Since coffee is one of my morning rituals, I’m constantly reading up on its benefits. I’m always glad to learn something new about the perks of a cup of joe, especially because I drink it every day!
From reducing fatty liver disease risk to helping with weight loss, coffee has been shown to improve our health in numerous ways. My most recent trip down the rabbit hole led me to some exciting new research, which suggests that coffee helps lower endometrial cancer risk.
What is endometrial cancer?
As explained by the American Cancer Society (ACS), endometrial cancer occurs when the cells in the inner lining of the uterus (also called the endometrium) begin to grow beyond control.
Annual statistics show that endometrial cancer is the most common cancer of the female reproductive organs among postmenopausal women. Also, the ACS estimates that 65,950 new cases will be diagnosed in the US this year.
Is coffee good for endometrial cancer?
Coffee is an antioxidant-packed drink that helps combat chronic health conditions such as liver cancer and heart disease. As such, researchers from the Affiliated Hospital of Weifang Medical University in Weifang, China wanted to see whether coffee had a positive effect on endometrial cancer risk.
The researchers therefore conducted a review of studies, which was recently published in The Journal of Obstetrics and Gynaecology Research. In total, the team looked at 24 studies discussing the association of coffee intake with this cancer that included 699,234 participants and 9,833 cases of endometrial cancer.
Ultimately, the authors found a link between regular coffee intake and a lower chance of developing this cancer. But why would this warm brew have a protective effect against the disease? The researchers point out that coffee is full of bioactive components such as phenolic compounds. These compounds provide an anti-carcinogenic effect, which means inhibiting the activity of tumors and the development of cancer.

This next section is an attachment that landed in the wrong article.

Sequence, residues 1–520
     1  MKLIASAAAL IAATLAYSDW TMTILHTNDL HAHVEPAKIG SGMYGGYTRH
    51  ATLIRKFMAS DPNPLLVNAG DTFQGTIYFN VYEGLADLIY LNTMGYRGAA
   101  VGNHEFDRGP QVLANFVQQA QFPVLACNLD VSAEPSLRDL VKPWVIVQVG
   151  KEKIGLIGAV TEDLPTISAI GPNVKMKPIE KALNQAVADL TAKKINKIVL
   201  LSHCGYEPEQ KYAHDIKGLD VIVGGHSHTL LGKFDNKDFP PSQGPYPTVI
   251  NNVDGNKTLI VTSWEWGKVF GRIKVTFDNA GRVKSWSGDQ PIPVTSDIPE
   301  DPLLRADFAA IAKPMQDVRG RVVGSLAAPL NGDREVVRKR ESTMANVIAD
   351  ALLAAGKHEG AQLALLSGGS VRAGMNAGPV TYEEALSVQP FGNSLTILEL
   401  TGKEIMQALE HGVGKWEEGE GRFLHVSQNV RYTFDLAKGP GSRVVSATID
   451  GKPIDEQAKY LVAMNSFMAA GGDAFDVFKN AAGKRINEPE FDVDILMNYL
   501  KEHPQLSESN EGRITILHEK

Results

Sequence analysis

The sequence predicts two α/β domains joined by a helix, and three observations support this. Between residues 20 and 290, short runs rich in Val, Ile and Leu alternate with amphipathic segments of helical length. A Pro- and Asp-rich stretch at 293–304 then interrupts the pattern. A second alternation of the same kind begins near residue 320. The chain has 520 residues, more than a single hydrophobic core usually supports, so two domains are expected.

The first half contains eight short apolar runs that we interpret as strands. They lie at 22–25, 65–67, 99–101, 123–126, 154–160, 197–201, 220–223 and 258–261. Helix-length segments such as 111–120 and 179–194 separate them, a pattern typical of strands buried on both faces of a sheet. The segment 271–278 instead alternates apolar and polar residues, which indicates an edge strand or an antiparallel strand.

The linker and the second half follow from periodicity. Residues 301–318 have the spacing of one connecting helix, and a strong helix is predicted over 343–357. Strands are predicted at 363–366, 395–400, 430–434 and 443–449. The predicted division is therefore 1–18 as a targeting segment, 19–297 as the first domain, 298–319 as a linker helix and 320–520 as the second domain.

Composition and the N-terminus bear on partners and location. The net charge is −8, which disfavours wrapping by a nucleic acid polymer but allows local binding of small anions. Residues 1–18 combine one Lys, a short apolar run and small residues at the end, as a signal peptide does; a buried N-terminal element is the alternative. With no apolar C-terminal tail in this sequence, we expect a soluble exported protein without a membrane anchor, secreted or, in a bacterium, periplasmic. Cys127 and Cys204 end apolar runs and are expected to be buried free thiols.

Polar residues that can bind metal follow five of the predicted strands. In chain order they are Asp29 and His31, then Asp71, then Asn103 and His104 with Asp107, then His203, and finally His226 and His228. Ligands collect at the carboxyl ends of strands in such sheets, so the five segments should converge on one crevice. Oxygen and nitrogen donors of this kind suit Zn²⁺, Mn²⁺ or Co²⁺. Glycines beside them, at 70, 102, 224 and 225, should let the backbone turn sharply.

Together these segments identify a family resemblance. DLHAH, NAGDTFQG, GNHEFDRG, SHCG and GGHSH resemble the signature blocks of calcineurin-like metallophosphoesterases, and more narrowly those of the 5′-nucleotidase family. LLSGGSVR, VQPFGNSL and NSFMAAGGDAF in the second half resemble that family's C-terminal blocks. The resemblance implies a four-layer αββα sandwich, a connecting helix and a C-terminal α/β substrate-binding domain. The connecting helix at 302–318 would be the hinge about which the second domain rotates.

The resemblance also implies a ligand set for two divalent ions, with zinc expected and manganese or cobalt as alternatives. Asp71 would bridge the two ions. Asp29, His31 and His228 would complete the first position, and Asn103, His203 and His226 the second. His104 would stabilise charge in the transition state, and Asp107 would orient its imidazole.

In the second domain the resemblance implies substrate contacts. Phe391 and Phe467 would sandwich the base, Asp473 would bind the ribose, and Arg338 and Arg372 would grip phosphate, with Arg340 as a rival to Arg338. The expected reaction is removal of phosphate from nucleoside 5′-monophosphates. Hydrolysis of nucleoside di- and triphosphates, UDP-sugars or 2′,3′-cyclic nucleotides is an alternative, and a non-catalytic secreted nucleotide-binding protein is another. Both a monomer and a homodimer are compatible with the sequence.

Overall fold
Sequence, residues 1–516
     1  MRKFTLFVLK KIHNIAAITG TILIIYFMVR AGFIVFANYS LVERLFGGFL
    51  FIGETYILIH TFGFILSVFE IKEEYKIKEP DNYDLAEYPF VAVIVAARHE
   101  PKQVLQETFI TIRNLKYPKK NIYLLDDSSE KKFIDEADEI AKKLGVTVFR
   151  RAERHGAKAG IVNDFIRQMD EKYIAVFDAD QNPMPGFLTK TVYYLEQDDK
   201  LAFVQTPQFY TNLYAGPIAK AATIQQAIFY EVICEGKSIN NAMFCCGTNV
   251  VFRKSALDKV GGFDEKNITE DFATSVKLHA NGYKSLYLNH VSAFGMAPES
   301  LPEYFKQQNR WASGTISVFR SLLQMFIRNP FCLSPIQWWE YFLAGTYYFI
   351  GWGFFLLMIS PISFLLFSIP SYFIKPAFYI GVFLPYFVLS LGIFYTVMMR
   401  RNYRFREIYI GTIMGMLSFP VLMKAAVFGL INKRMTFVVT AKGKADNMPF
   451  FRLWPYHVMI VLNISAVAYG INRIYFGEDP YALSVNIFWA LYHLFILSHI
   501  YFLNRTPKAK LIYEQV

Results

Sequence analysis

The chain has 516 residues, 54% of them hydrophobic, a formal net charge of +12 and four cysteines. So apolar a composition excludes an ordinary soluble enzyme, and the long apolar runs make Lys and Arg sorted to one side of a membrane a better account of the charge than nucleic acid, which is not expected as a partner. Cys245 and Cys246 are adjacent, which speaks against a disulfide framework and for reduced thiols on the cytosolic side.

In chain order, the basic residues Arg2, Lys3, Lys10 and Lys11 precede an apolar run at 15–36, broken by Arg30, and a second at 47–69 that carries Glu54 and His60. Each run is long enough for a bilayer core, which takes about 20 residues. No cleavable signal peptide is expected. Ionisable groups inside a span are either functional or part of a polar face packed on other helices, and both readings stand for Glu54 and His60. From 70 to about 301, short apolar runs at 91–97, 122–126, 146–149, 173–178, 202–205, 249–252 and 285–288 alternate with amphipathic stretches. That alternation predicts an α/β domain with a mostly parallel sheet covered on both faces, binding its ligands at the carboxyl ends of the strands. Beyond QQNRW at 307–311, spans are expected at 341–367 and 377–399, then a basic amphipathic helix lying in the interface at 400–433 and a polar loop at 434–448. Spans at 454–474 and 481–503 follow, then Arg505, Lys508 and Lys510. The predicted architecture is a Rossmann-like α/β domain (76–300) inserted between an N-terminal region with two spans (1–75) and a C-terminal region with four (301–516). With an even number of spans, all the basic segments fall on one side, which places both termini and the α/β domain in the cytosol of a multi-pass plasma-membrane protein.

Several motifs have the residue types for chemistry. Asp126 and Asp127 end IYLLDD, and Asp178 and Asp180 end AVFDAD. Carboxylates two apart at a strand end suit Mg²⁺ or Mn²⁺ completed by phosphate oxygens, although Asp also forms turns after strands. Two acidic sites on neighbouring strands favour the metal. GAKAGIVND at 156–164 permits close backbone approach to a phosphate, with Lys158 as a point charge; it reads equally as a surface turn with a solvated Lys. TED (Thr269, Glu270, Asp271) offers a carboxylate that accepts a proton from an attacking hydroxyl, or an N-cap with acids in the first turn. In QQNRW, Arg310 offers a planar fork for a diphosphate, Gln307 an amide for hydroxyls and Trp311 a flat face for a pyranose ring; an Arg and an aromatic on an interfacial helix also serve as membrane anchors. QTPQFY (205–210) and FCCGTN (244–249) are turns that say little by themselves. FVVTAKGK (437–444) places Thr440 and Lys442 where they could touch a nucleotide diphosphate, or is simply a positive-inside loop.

In addition, the researchers note that this benefit applies mainly to caffeinated coffees rather than decaf varieties. Furthermore, the coffee’s brewing method (filtered or boiled) doesn’t seem to play a factor in further decreasing endometrial cancer risk. To sum it up, coffee lovers who drink all kinds of caffeinated brews can rejoice, thanks to this exciting research.
How many cups of coffee should you drink a day?
Previous studies suggest that drinking three to four cups of coffee a day helps you reap the benefits of this drink. Unless you drink your coffee black, however, you may want to avoid adding artificial sweeteners that can cause other health hassles like fatigue and joint pain.
Instead, try going for ingredients like cocoa powder for a metabolism boost or ground cinnamon to lower diabetes and heart disease risk. For those with a daring palate, sprinkle in salt or hot sauce into your brew for a nutritious and flavorful twist. You can also swap traditional dairy creamers for oat milk — this yummy alternative helps fight bone loss, skin aging, and protects heart health.
After discovering this new study, I’m happy to know that coffee helps prevent endometrial cancer. In fact, I’m going to get a head start on brewing my third cup for the day!
This article originally appeared on our sister site, Woman’s World.